Gold origin confirmed with first ever gravitational wave sighting

October 16, 2017, University of Warwick
Artist's impression of merging neutron stars. Credit: University of Warwick/Mark Garlick

Gold's origin in the Universe has finally been confirmed, after a gravitational wave source was seen and heard for the first time ever by an international collaboration of researchers, with astronomers at the University of Warwick playing a leading role.

Members of Warwick's Astronomy and Astrophysics Group, Professor Andrew Levan, Dr Joe Lyman, Dr Sam Oates and Dr Danny Steeghs, led observations which captured the light of two colliding , shortly after being detected through gravitational waves - perhaps the most eagerly anticipated phenomenon in modern astronomy.

Huge amounts of gold, platinum, uranium and other heavy elements were created in the collision of these compact stellar remnants, and were pumped out into the universe - unlocking the mystery of how gold on wedding rings and jewellery is originally formed.

The collision produced as much gold as the mass of the Earth.

This discovery has also confirmed conclusively that short gamma-ray bursts are directly caused by the merging of two neutron stars.

The neutron stars were very dense - as heavy as our Sun yet only 10 kilometres across - and they collided with each other 130 million years ago, when dinosaurs roamed the Earth, in a relatively old galaxy that was no longer forming many stars.

They drew towards each other over millions of light years, and revolved around each other increasingly quickly as they got closer - eventually spinning around each other five hundred times per second.

Their merging sent ripples through the fabric of space and time - and these ripples are the elusive gravitational waves spotted by the astronomers.

The were detected by the Advanced Laser Interferometer Gravitational-Wave Observatory (Adv-LIGO) on 17 August this year, with a short duration gamma-ray burst detected by the Fermi satellite just two seconds later.

This led to a flurry of observations as night fell in Chile, with a first report of a new source from the Swope 1m telescope.

Longstanding collaborators Professor Levan and Professor Nial Tanvir (from the University of Leicester) used the facilities of the European Southern Observatory to pinpoint the source in infrared light.

Professor Levan's team was the first one to get observations of this new source with the Hubble Space Telescope. It comes from a galaxy called NGC 4993, 130 million light years away.

Andrew Levan, Professor in the Astronomy & Astrophysics group at the University of Warwick, commented: "Once we saw the data, we realised we had caught a new kind of astrophysical object. This ushers in the era of multi-messenger astronomy, it is like being able to see and hear for the first time."

Dr Joe Lyman, who was observing at the European Southern Observatory at the time was the first to alert the community that the source was unlike any seen before.

He commented: "The exquisite observations obtained in a few days showed we were observing a kilonova, an object whose light is powered by extreme nuclear reactions. This tells us that the heavy elements, like the gold or platinum in jewellery are the cinders, forged in the billion degree remnants of a merging neutron star."

Dr Samantha Oates added: "This discovery has answered three questions that astronomers have been puzzling for decades: what happens when neutron stars merge? What causes the short duration ? Where are the , like gold, made? In the space of about a week all three of these mysteries were solved."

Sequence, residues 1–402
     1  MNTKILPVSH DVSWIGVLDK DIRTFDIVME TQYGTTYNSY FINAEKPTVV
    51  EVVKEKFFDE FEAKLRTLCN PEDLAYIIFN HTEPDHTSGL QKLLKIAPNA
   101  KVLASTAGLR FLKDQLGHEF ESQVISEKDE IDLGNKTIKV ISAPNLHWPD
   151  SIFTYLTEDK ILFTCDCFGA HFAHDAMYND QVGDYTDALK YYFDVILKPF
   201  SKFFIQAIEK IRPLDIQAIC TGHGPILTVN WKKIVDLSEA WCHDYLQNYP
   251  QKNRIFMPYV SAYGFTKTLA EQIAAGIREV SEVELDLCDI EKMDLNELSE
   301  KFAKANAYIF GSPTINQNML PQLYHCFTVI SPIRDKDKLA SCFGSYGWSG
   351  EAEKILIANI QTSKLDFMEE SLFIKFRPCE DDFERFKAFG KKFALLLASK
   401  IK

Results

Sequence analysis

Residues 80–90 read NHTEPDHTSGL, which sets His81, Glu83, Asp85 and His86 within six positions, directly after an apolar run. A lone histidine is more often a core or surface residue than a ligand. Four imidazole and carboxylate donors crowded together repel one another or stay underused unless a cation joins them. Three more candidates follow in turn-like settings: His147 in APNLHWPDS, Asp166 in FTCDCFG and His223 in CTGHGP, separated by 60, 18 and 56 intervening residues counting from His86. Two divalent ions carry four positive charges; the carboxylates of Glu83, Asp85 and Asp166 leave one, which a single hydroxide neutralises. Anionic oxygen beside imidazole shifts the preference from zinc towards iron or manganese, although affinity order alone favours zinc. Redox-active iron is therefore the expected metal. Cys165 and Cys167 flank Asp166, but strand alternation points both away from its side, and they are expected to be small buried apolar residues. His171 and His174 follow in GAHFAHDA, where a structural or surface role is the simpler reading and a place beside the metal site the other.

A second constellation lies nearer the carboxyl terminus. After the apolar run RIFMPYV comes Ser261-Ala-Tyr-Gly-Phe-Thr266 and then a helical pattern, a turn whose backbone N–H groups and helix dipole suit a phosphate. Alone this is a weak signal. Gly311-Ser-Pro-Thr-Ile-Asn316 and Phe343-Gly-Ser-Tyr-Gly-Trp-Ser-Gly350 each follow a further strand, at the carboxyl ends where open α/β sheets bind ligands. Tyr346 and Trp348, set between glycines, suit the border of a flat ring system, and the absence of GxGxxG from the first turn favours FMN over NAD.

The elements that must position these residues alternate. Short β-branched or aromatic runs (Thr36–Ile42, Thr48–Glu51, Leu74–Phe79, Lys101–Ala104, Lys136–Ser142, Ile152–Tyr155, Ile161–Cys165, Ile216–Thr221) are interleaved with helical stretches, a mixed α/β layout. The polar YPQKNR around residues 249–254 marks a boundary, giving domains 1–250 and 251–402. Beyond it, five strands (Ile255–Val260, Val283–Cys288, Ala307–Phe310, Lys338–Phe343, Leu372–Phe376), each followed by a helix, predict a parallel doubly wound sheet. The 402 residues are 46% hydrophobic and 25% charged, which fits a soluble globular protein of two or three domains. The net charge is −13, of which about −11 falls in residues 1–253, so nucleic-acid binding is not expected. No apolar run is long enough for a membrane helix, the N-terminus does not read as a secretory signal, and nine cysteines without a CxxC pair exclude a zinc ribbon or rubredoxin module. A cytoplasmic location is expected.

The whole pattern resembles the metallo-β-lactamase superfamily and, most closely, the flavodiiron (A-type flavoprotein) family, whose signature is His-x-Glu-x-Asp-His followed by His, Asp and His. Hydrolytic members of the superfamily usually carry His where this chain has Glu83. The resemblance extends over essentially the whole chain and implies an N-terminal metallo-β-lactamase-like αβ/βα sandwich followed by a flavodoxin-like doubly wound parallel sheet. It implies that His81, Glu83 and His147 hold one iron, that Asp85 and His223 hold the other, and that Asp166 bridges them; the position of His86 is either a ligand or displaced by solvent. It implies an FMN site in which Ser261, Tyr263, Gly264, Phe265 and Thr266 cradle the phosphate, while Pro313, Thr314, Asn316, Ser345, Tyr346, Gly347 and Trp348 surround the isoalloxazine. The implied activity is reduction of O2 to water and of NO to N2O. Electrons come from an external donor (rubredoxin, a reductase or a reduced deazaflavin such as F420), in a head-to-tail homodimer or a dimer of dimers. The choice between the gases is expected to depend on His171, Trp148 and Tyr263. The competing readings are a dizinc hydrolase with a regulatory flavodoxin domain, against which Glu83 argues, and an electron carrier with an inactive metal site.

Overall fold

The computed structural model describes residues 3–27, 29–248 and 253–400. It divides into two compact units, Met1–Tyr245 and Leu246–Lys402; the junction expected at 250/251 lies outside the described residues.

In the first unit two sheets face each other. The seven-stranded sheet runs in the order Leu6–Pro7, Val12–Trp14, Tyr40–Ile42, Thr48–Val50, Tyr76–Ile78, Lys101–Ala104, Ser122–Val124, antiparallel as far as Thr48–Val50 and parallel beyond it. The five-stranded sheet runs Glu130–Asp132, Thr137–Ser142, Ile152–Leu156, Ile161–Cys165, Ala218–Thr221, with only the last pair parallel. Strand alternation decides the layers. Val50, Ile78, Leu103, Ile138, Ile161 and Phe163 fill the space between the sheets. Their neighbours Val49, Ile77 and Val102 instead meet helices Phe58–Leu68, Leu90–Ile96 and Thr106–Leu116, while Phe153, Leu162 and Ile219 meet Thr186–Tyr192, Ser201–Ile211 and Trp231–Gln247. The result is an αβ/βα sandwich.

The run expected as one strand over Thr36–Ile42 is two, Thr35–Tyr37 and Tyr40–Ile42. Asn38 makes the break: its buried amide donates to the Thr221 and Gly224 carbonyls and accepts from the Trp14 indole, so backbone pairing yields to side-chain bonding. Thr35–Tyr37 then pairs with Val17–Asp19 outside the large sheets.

Dr Danny Steeghs said: "This is a new chapter in astrophysics. We hope that in the next few years we will detect many more events like this. Indeed, in Warwick we have just finished building a telescope designed to do just this job, and we expect it to pinpoint these sources in this new era of multi-messenger astronomy".

Explore further: Astronomers first to see source of gravitational waves in visible light

Related Stories

Seeing the light of neutron star collisions

October 16, 2017

When two neutron stars collided on Aug. 17, a widespread search for electromagnetic radiation from the event led to observations of light from the afterglow of the explosion, finally connecting a gravitational-wave-producing ...

What are neutron stars?

October 16, 2017

Thrilled physicists and astronomers announced Monday the first-ever observation of the merger of two neutron stars, one of the most spectacularly violent phenomena in the Universe.

Explainer: Why gravitational wave researchers won a Nobel

October 3, 2017

Three U.S.-based astrophysicists won the Nobel prize in physics Tuesday for their discovery of gravitational waves, a phenomenon Albert Einstein predicted a century ago in his theory of general relativity. Here's what their ...

Recommended for you

3 comments

Adjust slider to filter visible comments by rank

Display comments: newest first

Solon
1 / 5 (3) Oct 16, 2017
"You can fool all the people some of the time, and some of the people all the time, but you cannot fool all the people all the time."

Most here are fools, it seems.
RealScience
5 / 5 (4) Oct 16, 2017
Two bodies each the mass of the sun, circling each other hundreds of time per second, is awe inspiring!
katesisco
1 / 5 (2) Oct 17, 2017
I rather suspect that Pierre-Marie Robitaille's proposal that stars change their lattices and become different kinds of stars is more likely to produce metals ejected from the equator of the star. NASA paper A Star With Two North Poles notes how a star---our sun Sol---can transform its charge sheath--the heliosphere. https://www.nasa....les.html

Please sign in to add a comment. Registration is free, and takes less than a minute. Read more

Click here to reset your password.
Sign in to get notified via email when new comments are made.